“It kind of came on gradually,” says Jenelle, “but I noticed I smoked marijuana a long time — probably years and years and years — and then recently I stopped in about December. And then I noticed my symptoms coming on in the end of January.”
“Have you smoked it since then wit the idea of –”
“No,” Jenelle interrupts. “The reason I stopped is because I’m taking my own mother to court to get custody of my son back — my six year old — so I stopped smoking completely.”
Jenelle reveals that the last time she felt good was the beginning of January. She is asked about taking diet pills, and she says she did try them in November or December, but stopped. Dr. Pinzone says he thinks there are some real clues in what Jenelle said, but the next step was to wait on results from her blood tests.
Meanwhile, Jenelle requested to see another OB/GYN so The Doctors set her up with Dr. Peter Weiss. “First, date of your last period?” Dr. Weiss asks.
“It was January 11,” says Jenelle.”
“And you’ve been on this Junel [yes that’s the name of it] birth control pill for how long now?”
“Since November. Before that I was on the Nexplanon implant, and it was giving me a lot of mood swings and acne, so I had it taken out and I switched to the pill.”
“An how have you done since you’ve been on the pill?”
“I’ve been doing great. I mean, it’s really been working out for me. And then, all of a sudden, I haven’t had a period in, like, six weeks. Every time I have sex it’s painful.”
“And how long has that been going on?”
“For two months now. It hurts, like, up here,” Jenelle says as she points to a spot just below her navel, “I feel like it’s poking either my right ovary or my lymph node.”
Dr. Weiss says that he thinks he may know what the issue is, but he wants to look everything over before getting back to her.
Both Dr. Weiss and Dr. Pinzone join The Doctors cast and Jenelle to reveal what they thought was the source of Jenelle’s symptoms. The answer? They both came to the conclusion that the cause is the birth control pills Jenelle is taking. Dr. Weiss explains that some of her test results that seemed to show “normal” results were actually readings after the effects of the pill and did not reflect Jenelle’s actual, natural levels.
The Doctors’ OB/GYN Dr. Ashton addresses Jenelle. “I have to ask you, in terms of stopping the pill, are you planning any other pregnancies? Do you want to have any other babies?”
“Um, I definitely, well, maybe later on like a year or two from now,” says Jenelle. “I want to buy a house, you know, and get settled down and stuff like that. Because right now I’m in a neighborhood that’s just kind of — we’re all stuck together and in each other’s business. So, you know, when I settle down and stuff, yeah, you know, maybe then. But, not any time soon.”
Even if the root cause of Jenelle’s physical symptoms is the birth control pills, Dr. Stork still believes she should still address her anxiety issues because anxiety often serves as an exponent to numerous ailments. He recommends she get counseling, and Dr. Weiss agrees with.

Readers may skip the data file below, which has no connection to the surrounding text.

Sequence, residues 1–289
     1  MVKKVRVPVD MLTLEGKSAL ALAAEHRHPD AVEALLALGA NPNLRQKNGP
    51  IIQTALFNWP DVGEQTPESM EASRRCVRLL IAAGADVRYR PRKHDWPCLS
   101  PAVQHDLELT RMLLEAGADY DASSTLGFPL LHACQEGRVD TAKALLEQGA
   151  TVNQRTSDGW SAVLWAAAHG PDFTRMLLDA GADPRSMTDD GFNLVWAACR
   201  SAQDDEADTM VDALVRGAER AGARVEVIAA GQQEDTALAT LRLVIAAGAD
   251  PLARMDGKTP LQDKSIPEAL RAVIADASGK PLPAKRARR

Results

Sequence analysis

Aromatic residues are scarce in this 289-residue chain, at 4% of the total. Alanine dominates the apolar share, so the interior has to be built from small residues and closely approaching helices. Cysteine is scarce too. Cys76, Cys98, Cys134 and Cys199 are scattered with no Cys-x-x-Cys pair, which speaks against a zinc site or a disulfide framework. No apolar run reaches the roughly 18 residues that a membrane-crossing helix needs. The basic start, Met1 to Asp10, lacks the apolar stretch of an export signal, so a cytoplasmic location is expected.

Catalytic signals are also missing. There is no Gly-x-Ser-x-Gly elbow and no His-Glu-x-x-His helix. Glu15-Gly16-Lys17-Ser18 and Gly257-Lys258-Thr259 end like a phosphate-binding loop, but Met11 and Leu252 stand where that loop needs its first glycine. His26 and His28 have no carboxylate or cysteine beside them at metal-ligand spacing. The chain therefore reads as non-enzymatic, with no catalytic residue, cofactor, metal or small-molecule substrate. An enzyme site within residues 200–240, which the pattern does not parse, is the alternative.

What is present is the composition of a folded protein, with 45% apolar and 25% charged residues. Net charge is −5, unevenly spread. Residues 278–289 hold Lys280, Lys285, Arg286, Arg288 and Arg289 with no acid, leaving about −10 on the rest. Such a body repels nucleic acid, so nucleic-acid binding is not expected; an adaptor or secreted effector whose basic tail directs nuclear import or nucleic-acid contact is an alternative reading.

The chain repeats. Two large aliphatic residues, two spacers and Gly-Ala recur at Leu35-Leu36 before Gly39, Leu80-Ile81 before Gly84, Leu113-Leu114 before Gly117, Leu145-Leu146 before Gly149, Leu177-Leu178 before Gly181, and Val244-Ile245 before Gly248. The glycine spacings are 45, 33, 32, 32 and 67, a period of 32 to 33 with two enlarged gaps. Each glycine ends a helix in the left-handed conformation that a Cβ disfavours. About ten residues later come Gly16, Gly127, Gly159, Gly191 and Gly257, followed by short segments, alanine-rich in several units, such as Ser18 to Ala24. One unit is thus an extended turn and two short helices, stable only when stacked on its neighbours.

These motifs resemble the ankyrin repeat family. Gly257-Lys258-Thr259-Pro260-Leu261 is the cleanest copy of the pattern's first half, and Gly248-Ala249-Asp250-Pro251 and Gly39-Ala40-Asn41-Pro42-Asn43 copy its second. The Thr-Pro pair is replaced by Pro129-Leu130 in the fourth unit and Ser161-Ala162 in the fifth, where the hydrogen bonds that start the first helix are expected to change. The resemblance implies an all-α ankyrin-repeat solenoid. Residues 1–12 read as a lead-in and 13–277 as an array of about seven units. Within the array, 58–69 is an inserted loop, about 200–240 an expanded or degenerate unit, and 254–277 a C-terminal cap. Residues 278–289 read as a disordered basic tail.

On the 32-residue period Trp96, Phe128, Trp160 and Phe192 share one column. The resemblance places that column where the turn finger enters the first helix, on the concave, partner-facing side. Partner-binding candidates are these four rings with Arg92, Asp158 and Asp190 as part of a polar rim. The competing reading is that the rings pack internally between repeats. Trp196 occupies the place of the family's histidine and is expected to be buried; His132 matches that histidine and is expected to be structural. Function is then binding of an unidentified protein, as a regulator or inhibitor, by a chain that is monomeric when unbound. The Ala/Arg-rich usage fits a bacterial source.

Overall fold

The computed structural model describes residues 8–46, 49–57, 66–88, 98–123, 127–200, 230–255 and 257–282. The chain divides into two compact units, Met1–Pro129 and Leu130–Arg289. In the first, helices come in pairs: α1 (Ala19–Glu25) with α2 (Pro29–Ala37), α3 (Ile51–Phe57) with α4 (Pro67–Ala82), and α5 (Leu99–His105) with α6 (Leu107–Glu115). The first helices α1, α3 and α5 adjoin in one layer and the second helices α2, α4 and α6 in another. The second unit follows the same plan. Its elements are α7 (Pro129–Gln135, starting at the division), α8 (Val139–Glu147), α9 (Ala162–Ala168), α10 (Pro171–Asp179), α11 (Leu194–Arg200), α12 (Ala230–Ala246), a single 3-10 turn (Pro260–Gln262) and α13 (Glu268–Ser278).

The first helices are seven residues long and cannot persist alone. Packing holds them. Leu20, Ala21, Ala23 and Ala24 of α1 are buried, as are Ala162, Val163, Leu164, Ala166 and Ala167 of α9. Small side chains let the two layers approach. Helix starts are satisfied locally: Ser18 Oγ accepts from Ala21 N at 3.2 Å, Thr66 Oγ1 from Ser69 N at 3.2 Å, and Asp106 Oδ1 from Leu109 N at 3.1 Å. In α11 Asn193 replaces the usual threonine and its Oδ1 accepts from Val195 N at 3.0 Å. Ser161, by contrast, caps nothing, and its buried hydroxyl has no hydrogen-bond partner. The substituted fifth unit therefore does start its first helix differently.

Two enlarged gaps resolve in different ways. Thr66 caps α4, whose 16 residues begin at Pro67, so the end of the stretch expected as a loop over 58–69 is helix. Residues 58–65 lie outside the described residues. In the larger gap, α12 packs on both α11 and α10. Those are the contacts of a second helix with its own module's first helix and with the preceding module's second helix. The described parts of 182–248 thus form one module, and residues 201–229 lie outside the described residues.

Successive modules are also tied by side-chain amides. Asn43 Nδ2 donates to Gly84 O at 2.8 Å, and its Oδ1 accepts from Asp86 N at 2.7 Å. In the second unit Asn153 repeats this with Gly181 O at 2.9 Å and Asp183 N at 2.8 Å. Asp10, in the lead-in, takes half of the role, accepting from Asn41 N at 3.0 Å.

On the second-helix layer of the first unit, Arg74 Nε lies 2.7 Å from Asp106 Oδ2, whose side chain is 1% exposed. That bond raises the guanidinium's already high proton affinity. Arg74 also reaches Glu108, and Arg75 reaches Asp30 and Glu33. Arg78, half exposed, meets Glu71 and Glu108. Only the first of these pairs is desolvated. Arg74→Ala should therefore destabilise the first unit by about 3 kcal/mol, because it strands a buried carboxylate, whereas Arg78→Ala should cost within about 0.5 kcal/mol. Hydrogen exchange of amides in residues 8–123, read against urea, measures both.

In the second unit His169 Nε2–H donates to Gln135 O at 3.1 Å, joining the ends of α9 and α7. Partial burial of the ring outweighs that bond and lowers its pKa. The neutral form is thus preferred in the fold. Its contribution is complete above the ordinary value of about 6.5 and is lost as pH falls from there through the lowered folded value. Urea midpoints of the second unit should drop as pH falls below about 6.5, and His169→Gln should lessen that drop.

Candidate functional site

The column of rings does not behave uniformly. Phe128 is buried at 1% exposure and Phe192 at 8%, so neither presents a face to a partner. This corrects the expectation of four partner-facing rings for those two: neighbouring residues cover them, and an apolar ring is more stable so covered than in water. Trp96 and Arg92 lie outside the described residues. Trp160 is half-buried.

Dr. Pinzone points out that there is another element to the equation as well. “In this case, there’s in fact two sets of substances that are going on” one that’s been added, and another one that’s been taken away. So, the taking away of the marijuana may certainly have some effects.”
He then details all that when on medically when Jenelle switched birth control methods with hormones, etc. (It’s a lot to try to type up, so you’ll just have to check out the episode!)
Dr. Ashton explains a little bit about the issues with birth control pills. “Birth control pills, while they are the same basic hormones your body makes, in my opinion, medically they are not one size fits all. They do need to be individualized, and Dr. Weiss and I, we can choose from 30, 40, 50 different doses and combinations, and it may be just a matter of finding one that’s for you. Or, it may be that you need to consider another form of contraception. This is where an ongoing relationship with a good provider is so, so important, and, as Travis said, and I echo this, and I can’t emphasize this enough, it’s not like you can have only one thing going on. So yes, you can have some hormonal issues, but also have some withdrawal issues. You could also have anxiety.”
Dr. Stork then reveals that they have set it up so that Jenelle can receive free weekly counseling for her anxiety issues for a period of six months at a center located in her hometown.
That’s pretty much it. Jenelle was going to stop taking the Junel birth control pills and see what happens. So far, we haven’t gotten an update from Jenelle herself, but we hope that changes soon!
Although our coverage of The Doctors episode with Jenelle was quite thorough, there’s still LOTS that we left out, so be sure to check your local listings and get the full story!